There are thoughtful and effective ways to look at all the facets of violence against women and it can certainly be done without promoting bigotry. For example, in March, the Ottawa Police, the Ottawa Rape Crisis, and Algonquin College partnered to put on a full day event on violence in the name of honour.
I heard the story of Banaz Mahmod, a 20-year-old woman in London, gang-raped, garrotted, stuffed into a suitcase and buried in waste ground, for the crime of a kiss in a train station. Her murder was carried out under the orders of her own father and her uncle. Banaz was married off to a man she had barely met at the age of 17, who subjected her to extraordinary abuses. We need authorities, decision makers and politicians to provide the same protection and preventative action for women of ethnic minority communities affected by "honour"-based violence and oppression as they would for any other crime in any other part of society.
On the morning of June 30, 2009, police in a small eastern Ontario city made a ghastly discovery: four females dead in a car submerged in a shallow canal -- Canada's first mass honour killing. In Without Honour, award-winning journalist Rob Tripp draws on three years of exhaustive research and exclusive interviews to make sense of a senseless crime in a way no other writer could. "The feeling had gnawed at Jake since the catastrophic outcome of his peck on Sahar's cheek in the corridor of St-Ex in the fall of 2007. He had not forgotten the sight of the sad girl standing in the hall, tears trickling down her cheeks, as she explained that her dad got really mad and slapped her."
As Muslims with progressive values slowly but surely take ascendancy over Deobandi and Wahabi puritan fundamentalism, honor-shame sub-cultures will disappear and with it, the sanctioned abuse of women.
That a man in an eminently civilized country like Canada could invoke an ancient practice like honor killing in the 21st century is frightening. The mores that seem to be at work cut to deeply felt attitudes about families and women.
The verdict in the Shafia case exemplifies the ability of Western legal systems to provide justice to victims of honour killings. If anything positive can come from the Shafia verdict, let it be that law enforcement throughout North America takes the time to educate themselves about honour violence.
Canadians are often uncomfortable labeling premeditated murders "honour killings" under the guise of political correctness. Let us take off our multicultural goggles and see honour killings for what they are: culturally motivated, violent crimes committed against women that have no place in a civilized society.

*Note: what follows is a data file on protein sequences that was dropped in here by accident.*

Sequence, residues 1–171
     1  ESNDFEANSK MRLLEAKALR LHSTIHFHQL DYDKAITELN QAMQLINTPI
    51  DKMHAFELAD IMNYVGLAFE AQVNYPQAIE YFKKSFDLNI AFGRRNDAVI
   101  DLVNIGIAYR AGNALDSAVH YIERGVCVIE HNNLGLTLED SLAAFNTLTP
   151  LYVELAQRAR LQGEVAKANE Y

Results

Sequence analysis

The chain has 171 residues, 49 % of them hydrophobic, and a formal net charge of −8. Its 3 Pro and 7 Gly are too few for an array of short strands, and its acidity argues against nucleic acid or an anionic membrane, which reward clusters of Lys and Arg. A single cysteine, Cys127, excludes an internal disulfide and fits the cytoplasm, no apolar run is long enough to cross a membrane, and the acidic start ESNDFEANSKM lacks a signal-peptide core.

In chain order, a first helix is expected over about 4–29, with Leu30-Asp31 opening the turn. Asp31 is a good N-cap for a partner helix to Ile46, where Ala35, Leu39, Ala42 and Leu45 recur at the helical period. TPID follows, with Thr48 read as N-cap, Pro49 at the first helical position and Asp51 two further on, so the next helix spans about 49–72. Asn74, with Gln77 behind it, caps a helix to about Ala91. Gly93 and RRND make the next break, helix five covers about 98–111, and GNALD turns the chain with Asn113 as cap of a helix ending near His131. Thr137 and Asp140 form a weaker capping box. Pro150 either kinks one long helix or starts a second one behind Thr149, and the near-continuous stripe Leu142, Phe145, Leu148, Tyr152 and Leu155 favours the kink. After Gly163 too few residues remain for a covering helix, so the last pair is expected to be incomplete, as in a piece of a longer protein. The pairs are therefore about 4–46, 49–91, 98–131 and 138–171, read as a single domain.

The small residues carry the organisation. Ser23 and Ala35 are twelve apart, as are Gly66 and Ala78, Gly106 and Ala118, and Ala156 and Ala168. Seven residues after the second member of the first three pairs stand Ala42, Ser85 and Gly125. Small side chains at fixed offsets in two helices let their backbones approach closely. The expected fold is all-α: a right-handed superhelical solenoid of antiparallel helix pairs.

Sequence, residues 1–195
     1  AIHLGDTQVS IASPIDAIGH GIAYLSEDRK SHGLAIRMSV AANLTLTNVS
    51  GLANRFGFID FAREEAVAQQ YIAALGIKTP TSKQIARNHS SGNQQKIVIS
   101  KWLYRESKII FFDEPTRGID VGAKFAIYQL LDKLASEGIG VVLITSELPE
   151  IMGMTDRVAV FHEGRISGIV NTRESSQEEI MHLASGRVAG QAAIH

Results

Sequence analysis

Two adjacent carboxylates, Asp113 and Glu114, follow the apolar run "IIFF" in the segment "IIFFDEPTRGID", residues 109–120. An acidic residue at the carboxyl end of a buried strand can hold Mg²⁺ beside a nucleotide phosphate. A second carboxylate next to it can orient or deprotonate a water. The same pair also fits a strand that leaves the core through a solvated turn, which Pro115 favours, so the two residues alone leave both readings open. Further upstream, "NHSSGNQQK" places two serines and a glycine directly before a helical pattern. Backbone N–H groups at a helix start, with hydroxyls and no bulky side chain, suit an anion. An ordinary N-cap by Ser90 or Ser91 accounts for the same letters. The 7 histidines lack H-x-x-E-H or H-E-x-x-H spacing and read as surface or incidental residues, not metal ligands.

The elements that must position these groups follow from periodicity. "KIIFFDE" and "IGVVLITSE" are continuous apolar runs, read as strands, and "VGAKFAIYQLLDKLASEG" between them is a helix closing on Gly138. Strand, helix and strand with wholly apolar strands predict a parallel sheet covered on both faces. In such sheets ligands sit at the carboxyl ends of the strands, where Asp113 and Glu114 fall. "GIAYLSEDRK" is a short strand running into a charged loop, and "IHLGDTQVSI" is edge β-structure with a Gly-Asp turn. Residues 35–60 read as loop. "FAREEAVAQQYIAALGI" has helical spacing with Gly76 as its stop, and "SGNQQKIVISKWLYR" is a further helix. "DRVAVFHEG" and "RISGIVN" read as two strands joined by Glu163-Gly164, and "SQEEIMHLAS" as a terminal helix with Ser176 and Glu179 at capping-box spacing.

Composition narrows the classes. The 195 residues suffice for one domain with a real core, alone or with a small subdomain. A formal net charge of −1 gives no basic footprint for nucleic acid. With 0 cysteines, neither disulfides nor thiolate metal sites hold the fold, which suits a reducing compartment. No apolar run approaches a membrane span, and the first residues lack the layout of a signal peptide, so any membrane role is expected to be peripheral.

The Shafia trial exposed a cultural pathology that needs a closer and unbiased examination. The men in Muslim families are rarely subjected to the kinds of constraints their female relatives endure. It is mostly when the conduct of the women is perceived as dishonourable that matters worsen.
What must we do -- we Muslims -- to ensure none of our daughters and sisters are murdered by their fathers, husbands, and brothers? Among many things we must embrace foremost the 1400-year-old Islamic tradition that emphasizes not the responsibility to guard our modesty, but the duty to show compassion.
Thus pronounced the jury in the 1968 film "The Producers" -- as the jury in the Shafia "honour killing" trial pretty much did this afternoon. It's justice but it doesn't feel like justice -- if only because those lives can never be brought back, the smiles of those murdered beautiful young women now forever frozen in photographs.
The most retrogressive segments of Muslim society often angrily conclude that reformist Muslims only speak from a position of ignorance when questioning orthodox religious practice. Progressive Muslims are ignorant, self-serving, heretical, and hypocritical according to these conservatives, who consistently accuse revisionists of being fifth columnists with nefarious ulterior motives.
Another group should stand accused alongside the Shafia family, during the ongoing trial of their daughter's murders: the social service and youth protection professionals who catastrophically let the Shafia girls down.
Self-anointed leaders of Muslim organizations had a great opportunity to come clean about the links between honour crimes and Sharia law, but instead, they tried to deflect attention and spin-doctor the truth.
Muslims emigrating to Canada and the United States need to acknowledge that their children, especially daughters, are human beings. No one has the right to injure and kill daughters due to medieval notions of family honour or disdain for Western society. Mr. Shafia, it is not sinful to be Canadian or American.
Liberal MP Justin Trudeau chided the Conservative government for calling honour killings "barbaric." But why such reluctance to call these heinous crimes using terminology that best describes them? Is it fear of stigmatizing a particular culture or religious community? Is it simply naivete of the worst kind?
Child or adult femalicide (yes, it's a real word) of this nature is among the pre-Islamic practices that are expressly prohibited, lacking honour completely and subject to findings of guilt by God. As for judgement in a court of law, well -- the case continues...